Freshman GOP Rep. pledges to file articles of impeachment on Joe Biden on Jan. 21
Freshman Republican Rep. Marjorie Taylor Greene, R-GA, pledged on Newsmax Wednesday night to file articles of impeachment on Joe Biden on his first day in office. Rep. Greene made the pledge shortly after the U.S. House impeached President Donald Trump for the second time.
“We cannot have a President of the United States that is willing to abuse the power of the office of the presidency and be easily bought off by foreign governments, foreign Chinese energy companies, Ukrainian energy companies. So on January 21st, I will be filing articles of impeachment on Joe Biden,” said Rep. Greene.
She continued, “I’m a big believer of having people in office that are actually willing to do the job and I can’t imagine people in this country being so fearful of a future of a Biden presidency that they may be willing to commit violence like they did in the Capitol here in Washington, D.C. We cannot have that, I do not condone that violence. The American people need hope, they need to know that there are Republicans in Congress that are willing to stand up and fight for them, regardless of being in a minority, regardless of having all odds against us, against me, or against anyone in Congress, we have to hold people accountable.”
Rep. Greene then referred to the infamous video of then-Vice President Joe Biden explaining how he pressured Ukrainian officials to fire prosecutor Viktor Shokin. Moreover, Rep. Greene mentioned Joe Biden’s son Hunter Biden, who is currently under a federal investigation into his taxes, and discussed the “smoking gun” New York Post report that revealed how Hunter Biden allegedly used his father to profit overseas.
“Joe Biden is on record, on the phone saying that he would withhold a billion dollars of foreign aid if he didn’t get his way with these deals with his son Hunter,” Rep. Greene explained. “And there’s an ongoing investigation with Hunter Biden’s laptop, into being bought and paid for by Communist Chinese energy companies. This is a dangerous threat to our country when we have a man that will be holding the power of the presidency but will so easily and is on record for abusing power.”
It’s unclear, however, how other Republican lawmakers are reacting to Rep. Greene’s move. When asked by Newsmax on Thursday about her party’s reaction, Rep. Greene didn’t definitively answer.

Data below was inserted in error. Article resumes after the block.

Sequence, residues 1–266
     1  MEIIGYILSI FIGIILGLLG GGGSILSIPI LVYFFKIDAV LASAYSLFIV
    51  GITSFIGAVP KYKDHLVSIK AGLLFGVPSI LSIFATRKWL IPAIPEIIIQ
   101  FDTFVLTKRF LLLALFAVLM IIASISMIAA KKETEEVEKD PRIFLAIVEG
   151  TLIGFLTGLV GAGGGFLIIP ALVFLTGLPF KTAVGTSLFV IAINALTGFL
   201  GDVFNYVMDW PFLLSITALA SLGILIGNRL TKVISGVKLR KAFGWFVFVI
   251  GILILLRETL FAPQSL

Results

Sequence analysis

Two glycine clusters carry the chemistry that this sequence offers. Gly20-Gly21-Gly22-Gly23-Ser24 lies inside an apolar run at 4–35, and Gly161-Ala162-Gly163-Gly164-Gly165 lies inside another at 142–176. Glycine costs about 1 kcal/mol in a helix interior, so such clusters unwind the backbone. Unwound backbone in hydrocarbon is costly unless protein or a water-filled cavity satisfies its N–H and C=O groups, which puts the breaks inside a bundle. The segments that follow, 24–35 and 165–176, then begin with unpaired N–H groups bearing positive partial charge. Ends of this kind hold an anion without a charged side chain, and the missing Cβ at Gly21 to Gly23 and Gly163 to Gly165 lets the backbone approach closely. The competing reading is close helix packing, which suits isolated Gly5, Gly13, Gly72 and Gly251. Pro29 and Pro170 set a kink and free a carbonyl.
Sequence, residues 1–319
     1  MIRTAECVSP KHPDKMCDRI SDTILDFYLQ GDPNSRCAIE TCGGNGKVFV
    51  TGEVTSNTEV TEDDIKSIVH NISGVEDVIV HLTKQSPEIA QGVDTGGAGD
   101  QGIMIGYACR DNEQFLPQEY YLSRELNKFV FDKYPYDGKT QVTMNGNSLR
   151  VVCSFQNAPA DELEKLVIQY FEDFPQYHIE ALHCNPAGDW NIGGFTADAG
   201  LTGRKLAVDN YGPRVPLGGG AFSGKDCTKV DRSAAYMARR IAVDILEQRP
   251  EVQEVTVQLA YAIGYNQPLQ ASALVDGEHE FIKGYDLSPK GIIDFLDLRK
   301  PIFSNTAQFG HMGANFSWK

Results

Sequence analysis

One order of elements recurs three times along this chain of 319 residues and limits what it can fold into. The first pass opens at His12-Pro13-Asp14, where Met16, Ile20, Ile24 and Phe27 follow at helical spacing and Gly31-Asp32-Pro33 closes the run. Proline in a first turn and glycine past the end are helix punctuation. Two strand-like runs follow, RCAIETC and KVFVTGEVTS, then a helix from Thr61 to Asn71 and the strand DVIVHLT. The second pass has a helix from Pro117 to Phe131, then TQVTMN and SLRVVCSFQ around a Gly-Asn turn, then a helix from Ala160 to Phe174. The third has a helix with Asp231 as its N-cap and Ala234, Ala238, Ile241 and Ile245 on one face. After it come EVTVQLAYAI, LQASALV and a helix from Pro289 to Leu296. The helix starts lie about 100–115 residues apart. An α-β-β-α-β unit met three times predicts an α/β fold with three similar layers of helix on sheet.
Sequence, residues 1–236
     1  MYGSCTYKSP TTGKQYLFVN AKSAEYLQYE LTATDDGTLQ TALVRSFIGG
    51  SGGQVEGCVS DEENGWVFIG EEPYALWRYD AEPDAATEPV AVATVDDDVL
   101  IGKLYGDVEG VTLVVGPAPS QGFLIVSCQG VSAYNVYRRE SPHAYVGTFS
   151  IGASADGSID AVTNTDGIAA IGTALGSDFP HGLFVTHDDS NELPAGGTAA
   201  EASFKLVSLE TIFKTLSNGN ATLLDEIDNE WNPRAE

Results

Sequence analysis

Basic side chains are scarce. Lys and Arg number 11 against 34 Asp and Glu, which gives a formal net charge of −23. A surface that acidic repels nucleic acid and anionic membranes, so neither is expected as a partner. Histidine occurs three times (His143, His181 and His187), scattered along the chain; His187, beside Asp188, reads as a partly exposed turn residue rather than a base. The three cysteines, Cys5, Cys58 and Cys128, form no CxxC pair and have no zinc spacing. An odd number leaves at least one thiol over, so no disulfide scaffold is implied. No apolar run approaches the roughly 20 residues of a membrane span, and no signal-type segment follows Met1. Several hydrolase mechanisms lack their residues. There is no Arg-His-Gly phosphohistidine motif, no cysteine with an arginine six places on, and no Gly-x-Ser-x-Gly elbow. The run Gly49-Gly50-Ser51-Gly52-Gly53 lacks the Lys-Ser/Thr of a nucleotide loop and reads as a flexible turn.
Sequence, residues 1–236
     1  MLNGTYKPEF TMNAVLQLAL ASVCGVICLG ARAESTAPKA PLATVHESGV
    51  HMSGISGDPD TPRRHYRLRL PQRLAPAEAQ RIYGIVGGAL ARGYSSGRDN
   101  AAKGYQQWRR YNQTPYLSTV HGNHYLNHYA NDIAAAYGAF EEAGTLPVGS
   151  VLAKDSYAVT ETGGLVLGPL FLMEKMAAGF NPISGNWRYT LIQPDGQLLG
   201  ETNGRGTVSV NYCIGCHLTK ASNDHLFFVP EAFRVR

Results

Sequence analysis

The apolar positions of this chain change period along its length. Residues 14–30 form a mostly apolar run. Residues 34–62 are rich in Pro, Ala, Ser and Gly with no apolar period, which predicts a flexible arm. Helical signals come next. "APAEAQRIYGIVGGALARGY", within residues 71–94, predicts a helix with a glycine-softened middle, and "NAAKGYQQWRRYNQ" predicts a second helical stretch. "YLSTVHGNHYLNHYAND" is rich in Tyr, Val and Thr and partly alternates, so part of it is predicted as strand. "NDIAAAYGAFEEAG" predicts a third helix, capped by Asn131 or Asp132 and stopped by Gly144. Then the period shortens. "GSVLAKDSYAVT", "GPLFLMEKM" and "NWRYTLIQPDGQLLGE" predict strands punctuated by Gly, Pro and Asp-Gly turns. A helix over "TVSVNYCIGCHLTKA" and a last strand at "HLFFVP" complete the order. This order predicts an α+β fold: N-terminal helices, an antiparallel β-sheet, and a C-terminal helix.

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House passes debt-ceiling deal with support from two thirds of GOP caucus
After hours of debate, the House voted Wednesday night to approve a bipartisan debt-ceiling deal, taking a step toward averting a default on U.S. debt. The measure passed with 314 members voting in favor and 117 members voting in opposition. 149 Republicans and 165 Democrats voted to approve the bill, while 71 Republicans and 46 Democrats voted against it.
National Review writes the measure’s passage secures “a victory for House speaker Kevin McCarthy (R-CA), who managed to keep his caucus together despite a challenge from House Freedom Caucus members intent on securing greater spending concessions from the Biden White House.”
The bill will now head to the Senate. McCarthy said the measure is the “largest spending cut that Congress has ever voted for,” but faced opposition from members of his caucus who believe the deal “didn’t go far enough in restoring pre-Covid spending levels.”
In his speech on the House floor Wednesday before the vote, McCarthy pleaded with his colleagues to support what he had bargained for with Biden:
“They demanded a clean debt limit, which really means they spend more and you pay more in taxes. House Republicans said ‘no’,” McCarthy said.“Over the past four months, we fought hard to change how Washington works. We stopped the Democrats from writing a blank check after the largest spending binge in American history… The Fiscal Responsibility Act is the biggest spending cut in American history.”
National Review reports:
The agreement suspends the nation’s $31.4 trillion debt limit through January 1, 2025, and caps spending in the 2024 and 2025 budgets.
The nonpartisan Congressional Budget Office (CBO) has estimated that the deal will reduce budget deficits by about $1.5 trillion between 2023 and 2033. Director of the CBO Phillip Swagel projected that there would be reductions in discretionary outlays of $1.3 trillion over the 2024–2033 period. Mandatory spending would decrease by $10 billion, revenues would decrease by $2 billion over the same period, and the interest on the public debt would decline by $188 billion.
Biden warned of the consequences of default, saying what would follow would include an economic recession, devastated retirement accounts, and millions of jobs lost.
“I made clear from the start of negotiations that the only path forward was a bipartisan budget agreement,” explained Biden on Twitter. “No one got everything they wanted. But that’s the responsibility of governing.”
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